Press Release

Mars Was Life-Friendly More Recently than Thought

By SpaceRef Editor
June 30, 2009
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Mars Was Life-Friendly More Recently than Thought

Warm weather near the Martian equator may have melted the ice in ice-rich soils as recently as 2 million years ago, according to a paper published yesterday in “Earth and Planetary Science Letters.” This indicates that the Red Planet was warmer and more life-friendly much later in its history than previous studies show.

Matthew Balme, a research scientist with the Tucson-based Planetary Science Institute and a research fellow at the United Kingdom’s Open University, discovered signs of melting permafrost in images from NASA’s HiRISE (High Resolution Imaging Science Experiment) camera, which is flying aboard the Mars Reconnaissance Orbiter.

The images show that landforms once thought to be shaped by volcanism were actually modified by the expansion and contraction of ice due to freeze/thaw cycles, Balme said.

Balme studied an outflow channel that was active as recently as 2 to 8 million years ago. The channel contains polygonal patterns, branched channels, blocky debris and mound/cone formations, all of which are similar to formations found where permafrost melts on Earth.

“These observations demonstrate that ice melted near the Martian equator within the past few million years and then refroze,” Balme said. “This probably happened over many freeze/thaw cycles.”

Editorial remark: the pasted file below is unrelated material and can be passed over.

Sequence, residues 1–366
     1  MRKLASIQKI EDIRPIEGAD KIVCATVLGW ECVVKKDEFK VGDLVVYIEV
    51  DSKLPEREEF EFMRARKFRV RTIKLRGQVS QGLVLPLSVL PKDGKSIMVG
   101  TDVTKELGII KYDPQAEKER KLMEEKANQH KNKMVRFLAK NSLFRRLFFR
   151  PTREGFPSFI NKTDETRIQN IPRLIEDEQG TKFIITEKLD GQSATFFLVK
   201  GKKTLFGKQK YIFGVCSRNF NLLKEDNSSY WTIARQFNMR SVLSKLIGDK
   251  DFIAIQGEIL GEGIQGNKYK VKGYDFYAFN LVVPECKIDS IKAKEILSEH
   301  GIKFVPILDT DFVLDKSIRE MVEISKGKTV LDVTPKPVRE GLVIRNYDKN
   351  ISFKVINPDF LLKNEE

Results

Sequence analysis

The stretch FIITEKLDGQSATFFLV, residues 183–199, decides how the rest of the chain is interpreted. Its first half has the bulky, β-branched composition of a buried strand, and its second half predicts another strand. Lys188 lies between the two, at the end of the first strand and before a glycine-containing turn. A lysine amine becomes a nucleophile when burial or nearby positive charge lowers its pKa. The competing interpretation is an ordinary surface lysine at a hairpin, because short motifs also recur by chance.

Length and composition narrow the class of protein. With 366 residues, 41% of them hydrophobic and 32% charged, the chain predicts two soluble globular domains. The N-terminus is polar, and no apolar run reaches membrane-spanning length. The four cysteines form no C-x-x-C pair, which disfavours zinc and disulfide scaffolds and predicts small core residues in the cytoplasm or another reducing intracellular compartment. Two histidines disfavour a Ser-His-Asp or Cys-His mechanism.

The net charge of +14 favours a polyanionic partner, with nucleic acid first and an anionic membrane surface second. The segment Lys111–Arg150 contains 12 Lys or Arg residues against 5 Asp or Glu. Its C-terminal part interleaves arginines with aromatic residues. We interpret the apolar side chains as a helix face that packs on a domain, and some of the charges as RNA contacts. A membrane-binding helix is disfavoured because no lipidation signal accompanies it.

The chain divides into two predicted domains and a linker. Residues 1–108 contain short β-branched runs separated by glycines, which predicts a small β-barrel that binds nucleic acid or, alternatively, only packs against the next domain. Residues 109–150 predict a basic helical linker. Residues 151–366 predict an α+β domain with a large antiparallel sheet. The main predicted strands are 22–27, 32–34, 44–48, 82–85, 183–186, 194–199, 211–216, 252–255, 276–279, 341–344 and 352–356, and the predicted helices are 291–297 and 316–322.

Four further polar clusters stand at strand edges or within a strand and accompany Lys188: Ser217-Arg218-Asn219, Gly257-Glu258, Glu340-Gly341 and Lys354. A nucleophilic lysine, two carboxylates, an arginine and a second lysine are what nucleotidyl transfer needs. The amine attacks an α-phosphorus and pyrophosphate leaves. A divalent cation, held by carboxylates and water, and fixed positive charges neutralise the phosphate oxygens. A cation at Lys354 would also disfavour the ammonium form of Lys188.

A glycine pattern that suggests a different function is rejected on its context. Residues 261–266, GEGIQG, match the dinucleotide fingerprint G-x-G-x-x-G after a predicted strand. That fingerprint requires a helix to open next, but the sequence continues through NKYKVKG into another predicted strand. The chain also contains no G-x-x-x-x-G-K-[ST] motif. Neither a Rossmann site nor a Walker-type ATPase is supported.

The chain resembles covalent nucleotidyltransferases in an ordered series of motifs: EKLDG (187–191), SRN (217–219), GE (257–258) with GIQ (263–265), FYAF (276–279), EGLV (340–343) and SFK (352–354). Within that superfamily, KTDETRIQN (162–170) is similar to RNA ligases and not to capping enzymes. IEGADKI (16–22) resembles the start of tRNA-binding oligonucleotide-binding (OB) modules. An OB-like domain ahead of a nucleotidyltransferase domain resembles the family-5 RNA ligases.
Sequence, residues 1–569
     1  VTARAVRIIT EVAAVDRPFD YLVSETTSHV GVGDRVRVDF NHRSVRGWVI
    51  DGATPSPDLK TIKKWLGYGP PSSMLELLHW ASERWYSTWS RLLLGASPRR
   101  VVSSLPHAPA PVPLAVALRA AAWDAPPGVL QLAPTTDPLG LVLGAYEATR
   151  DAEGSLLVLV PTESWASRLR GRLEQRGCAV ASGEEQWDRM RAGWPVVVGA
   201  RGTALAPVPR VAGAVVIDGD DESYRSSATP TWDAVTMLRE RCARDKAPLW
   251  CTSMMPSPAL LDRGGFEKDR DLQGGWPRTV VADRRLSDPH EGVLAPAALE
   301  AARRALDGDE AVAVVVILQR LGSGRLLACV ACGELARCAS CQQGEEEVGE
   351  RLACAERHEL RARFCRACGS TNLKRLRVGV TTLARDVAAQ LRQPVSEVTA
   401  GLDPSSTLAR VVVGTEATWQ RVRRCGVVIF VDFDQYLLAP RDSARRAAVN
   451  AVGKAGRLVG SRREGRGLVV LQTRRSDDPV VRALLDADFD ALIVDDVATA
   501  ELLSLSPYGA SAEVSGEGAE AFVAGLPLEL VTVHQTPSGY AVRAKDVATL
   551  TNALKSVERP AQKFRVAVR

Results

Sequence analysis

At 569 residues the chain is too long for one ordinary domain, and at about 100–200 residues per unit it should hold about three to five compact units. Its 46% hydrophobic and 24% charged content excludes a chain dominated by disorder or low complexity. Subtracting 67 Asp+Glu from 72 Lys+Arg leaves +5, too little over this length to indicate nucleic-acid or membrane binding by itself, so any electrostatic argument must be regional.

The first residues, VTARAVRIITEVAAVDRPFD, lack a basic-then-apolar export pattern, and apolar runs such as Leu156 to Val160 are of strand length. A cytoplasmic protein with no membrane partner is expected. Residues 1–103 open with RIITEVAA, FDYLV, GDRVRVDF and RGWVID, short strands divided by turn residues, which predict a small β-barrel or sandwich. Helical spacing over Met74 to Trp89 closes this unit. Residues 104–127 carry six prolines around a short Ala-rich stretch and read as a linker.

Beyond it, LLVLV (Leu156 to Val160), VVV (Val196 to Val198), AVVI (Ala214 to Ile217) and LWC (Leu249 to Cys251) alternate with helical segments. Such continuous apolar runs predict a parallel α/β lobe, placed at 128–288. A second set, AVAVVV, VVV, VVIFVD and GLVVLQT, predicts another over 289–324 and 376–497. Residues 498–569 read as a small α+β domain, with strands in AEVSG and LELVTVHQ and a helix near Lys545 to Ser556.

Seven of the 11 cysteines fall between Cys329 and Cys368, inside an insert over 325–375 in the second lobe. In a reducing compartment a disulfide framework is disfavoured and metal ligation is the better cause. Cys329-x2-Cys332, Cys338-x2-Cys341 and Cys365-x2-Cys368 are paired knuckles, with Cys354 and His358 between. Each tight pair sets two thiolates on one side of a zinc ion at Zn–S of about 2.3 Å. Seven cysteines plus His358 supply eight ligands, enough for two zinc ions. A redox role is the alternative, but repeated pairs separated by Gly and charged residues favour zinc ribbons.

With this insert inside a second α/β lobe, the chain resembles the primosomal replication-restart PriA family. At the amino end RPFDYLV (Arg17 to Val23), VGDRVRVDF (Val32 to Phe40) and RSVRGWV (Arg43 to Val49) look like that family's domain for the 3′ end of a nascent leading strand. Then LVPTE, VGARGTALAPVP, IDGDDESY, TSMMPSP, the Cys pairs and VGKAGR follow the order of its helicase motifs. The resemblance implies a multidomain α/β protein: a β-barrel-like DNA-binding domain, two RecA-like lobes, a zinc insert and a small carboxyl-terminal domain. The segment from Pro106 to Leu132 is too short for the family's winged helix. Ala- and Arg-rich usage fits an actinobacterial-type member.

Since liquid water is essential to life as we know it, this equatorial channel would be an ideal place to hunt for traces of past or present Martian life, Balme added.

Balme’s research was funded by the UK’s Science and Technology Facilities Council and by NASA’s Mars Data Analysis Program. In addition to his post with PSI, Balme is an Aurora Fellow at the UK’s Open University.

Science Contact:

Matt Balme
Research Scientist

PSI Information:

Mark V. Sykes

PSI Homepage:

PSI Press Releases:

The Planetary Science Institute is a private, nonprofit 501(c)(3) corporation dedicated to solar system exploration. It is headquartered in Tucson, Arizona, where it was founded in 1972.

PSI scientists are involved in numerous NASA and international missions, the study of Mars and other planets, the Moon, asteroids, comets, interplanetary dust, impact physics, the origin of the solar system, extra-solar planet formation, dynamics, the rise of life, and other areas of research. They conduct fieldwork in North America, Australia and Africa. They also are actively involved in science education and public outreach through school programs, children’s books, popular science books and art.

PSI scientists are based in 15 states, the United Kingdom, France, Switzerland, Russia and Australia.

SpaceRef staff editor.